And the reactions were varied.  Here’s a selection of some of the comments Uber drivers made:

  • This is another way Uber is screwing over drivers (not letting them see the destination)
  • Some routes require them to travel far to pick up a passenger, only to have the passenger travel one mile
  • If passengers tipped on inconvenient routes, they wouldn’t do this
  • Drivers like these give the other drivers a bad name
  • If they get a long route as their last fare, they might not be able to pick up their  kids from school
  • If Uber paid the drivers more, this wouldn’t be a problem.

Ultimately, it seems like a conflict in overall Uber policy and the needs of the individual drivers–but it’s the passenger who gets caught in the middle.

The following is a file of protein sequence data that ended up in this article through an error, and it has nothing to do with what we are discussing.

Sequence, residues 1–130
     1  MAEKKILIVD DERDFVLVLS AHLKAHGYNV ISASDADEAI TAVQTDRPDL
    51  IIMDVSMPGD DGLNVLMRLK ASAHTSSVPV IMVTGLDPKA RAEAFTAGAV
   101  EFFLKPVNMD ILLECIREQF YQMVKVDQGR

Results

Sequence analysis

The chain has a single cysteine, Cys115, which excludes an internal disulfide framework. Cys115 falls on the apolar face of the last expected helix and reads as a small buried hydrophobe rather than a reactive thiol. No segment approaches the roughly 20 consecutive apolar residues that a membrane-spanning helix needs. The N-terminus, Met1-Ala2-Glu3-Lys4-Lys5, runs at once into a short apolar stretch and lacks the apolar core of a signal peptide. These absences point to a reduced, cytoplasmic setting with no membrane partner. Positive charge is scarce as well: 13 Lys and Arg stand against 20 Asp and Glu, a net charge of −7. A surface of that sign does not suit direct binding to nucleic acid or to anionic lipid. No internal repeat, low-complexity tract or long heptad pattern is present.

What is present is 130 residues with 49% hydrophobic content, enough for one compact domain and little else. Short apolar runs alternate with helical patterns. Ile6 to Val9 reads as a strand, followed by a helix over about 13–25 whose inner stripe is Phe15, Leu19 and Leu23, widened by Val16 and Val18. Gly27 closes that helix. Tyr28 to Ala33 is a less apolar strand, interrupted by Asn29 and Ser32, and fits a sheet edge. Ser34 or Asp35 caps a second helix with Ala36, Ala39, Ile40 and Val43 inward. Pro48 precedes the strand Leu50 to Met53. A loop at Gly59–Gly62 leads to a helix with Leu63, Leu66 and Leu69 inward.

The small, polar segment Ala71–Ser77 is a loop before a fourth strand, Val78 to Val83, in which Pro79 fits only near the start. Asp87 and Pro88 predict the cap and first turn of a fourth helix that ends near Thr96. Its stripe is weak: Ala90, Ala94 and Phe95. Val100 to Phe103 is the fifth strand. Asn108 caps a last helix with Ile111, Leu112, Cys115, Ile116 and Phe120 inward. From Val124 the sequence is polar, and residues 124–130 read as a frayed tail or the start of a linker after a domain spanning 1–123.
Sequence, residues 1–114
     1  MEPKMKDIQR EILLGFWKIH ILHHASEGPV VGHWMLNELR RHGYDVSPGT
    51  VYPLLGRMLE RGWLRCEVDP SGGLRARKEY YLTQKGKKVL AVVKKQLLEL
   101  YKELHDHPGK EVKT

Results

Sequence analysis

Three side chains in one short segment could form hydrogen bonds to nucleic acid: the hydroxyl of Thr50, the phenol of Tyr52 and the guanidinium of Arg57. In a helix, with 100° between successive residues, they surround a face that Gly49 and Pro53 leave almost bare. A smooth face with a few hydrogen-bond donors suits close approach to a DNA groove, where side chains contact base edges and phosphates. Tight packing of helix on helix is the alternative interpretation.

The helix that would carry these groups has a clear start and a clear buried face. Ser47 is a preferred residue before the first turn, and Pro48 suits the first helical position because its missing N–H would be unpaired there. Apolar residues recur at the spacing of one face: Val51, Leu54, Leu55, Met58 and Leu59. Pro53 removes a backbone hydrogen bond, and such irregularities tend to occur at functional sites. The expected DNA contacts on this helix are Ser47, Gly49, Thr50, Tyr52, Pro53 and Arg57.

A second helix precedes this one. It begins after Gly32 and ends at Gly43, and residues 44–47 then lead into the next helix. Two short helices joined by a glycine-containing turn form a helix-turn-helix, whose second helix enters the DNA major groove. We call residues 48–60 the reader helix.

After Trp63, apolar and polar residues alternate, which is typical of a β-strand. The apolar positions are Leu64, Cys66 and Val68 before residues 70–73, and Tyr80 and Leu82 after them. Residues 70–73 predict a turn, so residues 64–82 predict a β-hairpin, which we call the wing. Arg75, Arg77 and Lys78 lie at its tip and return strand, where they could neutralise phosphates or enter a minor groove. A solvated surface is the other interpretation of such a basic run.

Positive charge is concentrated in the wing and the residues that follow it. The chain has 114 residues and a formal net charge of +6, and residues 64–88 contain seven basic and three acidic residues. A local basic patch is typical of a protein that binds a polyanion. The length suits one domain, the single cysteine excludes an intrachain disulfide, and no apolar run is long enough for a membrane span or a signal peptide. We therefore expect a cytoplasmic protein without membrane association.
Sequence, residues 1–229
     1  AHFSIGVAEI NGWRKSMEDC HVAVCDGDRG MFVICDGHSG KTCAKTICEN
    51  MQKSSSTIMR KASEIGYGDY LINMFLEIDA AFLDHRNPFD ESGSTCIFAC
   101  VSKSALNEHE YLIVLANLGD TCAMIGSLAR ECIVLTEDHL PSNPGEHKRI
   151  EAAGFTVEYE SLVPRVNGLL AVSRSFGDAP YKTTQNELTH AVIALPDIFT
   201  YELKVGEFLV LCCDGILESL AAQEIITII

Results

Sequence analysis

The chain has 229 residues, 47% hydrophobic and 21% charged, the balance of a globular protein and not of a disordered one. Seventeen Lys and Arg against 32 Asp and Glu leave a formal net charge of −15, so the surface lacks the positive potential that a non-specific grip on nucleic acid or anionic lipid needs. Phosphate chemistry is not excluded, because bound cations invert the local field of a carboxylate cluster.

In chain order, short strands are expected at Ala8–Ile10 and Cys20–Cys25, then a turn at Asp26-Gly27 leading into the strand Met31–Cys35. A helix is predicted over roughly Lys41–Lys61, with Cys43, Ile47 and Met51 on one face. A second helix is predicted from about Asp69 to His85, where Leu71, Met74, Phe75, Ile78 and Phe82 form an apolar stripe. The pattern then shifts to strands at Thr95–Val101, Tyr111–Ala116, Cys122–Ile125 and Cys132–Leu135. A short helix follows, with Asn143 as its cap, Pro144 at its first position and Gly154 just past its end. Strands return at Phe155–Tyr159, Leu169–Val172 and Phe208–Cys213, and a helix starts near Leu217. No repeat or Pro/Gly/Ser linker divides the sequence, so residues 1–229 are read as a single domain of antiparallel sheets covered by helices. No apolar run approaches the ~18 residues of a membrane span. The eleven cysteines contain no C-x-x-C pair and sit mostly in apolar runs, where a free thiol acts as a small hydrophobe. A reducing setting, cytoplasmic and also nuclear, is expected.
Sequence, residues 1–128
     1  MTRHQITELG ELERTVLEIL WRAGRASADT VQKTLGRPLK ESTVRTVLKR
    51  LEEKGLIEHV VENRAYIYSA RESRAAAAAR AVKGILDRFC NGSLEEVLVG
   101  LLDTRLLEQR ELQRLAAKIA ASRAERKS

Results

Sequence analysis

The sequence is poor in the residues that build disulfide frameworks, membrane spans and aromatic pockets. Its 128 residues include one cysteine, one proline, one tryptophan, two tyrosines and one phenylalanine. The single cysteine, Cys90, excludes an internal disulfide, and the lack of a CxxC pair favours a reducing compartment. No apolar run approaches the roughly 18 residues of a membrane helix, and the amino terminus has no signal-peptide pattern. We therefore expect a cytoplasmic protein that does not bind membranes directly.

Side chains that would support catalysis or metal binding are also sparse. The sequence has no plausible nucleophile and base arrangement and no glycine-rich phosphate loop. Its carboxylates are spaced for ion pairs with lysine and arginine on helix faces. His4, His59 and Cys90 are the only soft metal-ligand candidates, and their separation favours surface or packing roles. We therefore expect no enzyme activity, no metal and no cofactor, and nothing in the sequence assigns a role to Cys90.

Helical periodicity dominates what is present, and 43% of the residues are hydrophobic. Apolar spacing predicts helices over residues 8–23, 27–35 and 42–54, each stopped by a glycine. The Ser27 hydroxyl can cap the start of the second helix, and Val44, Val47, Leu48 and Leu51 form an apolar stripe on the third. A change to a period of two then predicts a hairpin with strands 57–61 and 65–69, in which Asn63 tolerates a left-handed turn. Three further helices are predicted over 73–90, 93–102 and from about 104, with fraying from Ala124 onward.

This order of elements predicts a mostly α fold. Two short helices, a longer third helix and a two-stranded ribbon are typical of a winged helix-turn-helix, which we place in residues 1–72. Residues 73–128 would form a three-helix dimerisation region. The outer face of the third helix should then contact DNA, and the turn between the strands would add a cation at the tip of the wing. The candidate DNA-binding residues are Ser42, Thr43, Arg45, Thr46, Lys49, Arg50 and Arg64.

But then a driver reached out to me with a different type of story.  It wasn’t about the Uber vs. driver narrative (which we’ve also seen in other issues with Uber), but about how Uber explains the policy to drivers versus the clear way Uber explains the policy to the passenger.

First, I want to explain two things.  I have been sitting on this for about a week because I wanted to give Uber a chance to response.  However, their press team has not responded to my requests for more information or a comment on this.  I provided them with the screenshots and complete information upfront about the story I planned to write.

Also, I am in no way trying to say Uber is intentionally telling two different stories to the drivers and the passengers.  I personally believe it is just indicative of internal miscommunications.  (But again, that is my opinion about the situation.  Without comment from Uber, I do not actually know the reason behind this).